• Developing a communications plan is an essential step in pulling off a successful campaign. It must be based on your goals and be a realistic road-map of your campaign. It should also evolve as the campaign does. In Hillsborough County…..
  • We’ve talked through developing your goals, strategies and target audiences. In addition to thinking through these it’s helpful to put them down on paper. Next we’ll talk about the other more tangible execution items for an education campaign…
  • Often times, we don’t think of recycling programs as brands. But we should. Imagine if Starbucks didn’t have a consistent look or if Nike didn’t have that ubiquitous swoosh? But if you look at the 8,000+ recycling programs out there, the majority have inconsistent branding and a patchwork of materials that sometimes even contradict one another.
  • Here is an example from the Solid Waste Management Coordinating Board in the Twin Cities. They created and branded a recycling campaign called “Rethink Recycling.” The wording alone provides some brand and program context. And they convey this brand in a number of ways: on their Web site, through a logo, through messaging and on social media sites like Facebook and Twitter.
  • Baton Rouge…
  • There are many ways to communicate to your target audience including events, press conferences, photo opps, even street teams. Here are some examples.
  • There are many traditional ways to communicate your messages: fliers, brochures and handouts, fridge magnets and even media coverage as shown here from Indian River County. Many members of your target audience still consume media in a traditional way, however it’s also important to think beyond this as you will se eon the next slide.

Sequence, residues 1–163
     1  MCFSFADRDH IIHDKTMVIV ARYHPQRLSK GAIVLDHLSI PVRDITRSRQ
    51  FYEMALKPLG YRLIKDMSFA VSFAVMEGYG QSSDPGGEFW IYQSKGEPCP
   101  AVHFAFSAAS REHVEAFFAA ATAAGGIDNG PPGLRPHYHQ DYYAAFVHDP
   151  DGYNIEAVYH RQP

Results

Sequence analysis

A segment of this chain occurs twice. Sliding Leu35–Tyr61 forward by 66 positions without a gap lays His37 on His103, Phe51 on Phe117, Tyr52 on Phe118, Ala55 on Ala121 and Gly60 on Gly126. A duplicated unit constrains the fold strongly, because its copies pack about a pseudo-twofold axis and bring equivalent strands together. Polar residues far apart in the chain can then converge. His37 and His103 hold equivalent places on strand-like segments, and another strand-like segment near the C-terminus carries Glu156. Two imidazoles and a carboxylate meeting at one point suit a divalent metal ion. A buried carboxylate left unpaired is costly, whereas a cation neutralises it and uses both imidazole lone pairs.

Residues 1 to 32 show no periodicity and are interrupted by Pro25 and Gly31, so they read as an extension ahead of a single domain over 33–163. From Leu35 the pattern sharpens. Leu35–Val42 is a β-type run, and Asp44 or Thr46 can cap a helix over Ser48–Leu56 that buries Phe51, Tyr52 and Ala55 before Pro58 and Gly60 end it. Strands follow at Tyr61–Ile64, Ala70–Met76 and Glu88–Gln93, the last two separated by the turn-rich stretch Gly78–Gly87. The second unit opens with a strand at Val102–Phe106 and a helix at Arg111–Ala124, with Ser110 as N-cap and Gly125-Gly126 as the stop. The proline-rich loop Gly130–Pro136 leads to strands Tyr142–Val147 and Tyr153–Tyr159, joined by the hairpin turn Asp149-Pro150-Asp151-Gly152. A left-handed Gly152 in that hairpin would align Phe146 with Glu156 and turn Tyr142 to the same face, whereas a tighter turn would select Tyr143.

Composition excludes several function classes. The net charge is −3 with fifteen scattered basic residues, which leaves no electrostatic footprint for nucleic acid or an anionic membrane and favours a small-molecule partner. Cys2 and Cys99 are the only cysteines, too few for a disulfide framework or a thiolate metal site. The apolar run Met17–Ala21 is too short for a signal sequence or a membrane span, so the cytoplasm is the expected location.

• Think outside of the box when it comes to materials.. And mediums. Here you will see examples of a life-size cut out use din Georgia, a trailer wrap also used in Georgia featuring a very clean and attention getting graphic, a static-cling display used on vending machines in Minnesota, a bus sign in Hillsborough County and even coasters. The key is to think about where your audiences consume sinformation, be there and be un-expected.
  • Think through who you can engage carefully. These are just a few overarching categories but take some time to really think through and develop a full list.
  • Here are some questions to ask when developing your list surrounding third party organizations, community groups and also government
  • Think through ways to work with local media outlets and approach them. If you are buying advertising, negotiate deals (billboard space, event promotion, etc.) Doing PSAs – work with the outlet to get the formats and sizes they need most. When thinking through media partners though concentrate on those outlets that are popular among your target audience. For example, while your daily newspaper may be the best way to reach the masses, it may not be the read by your particular target audience.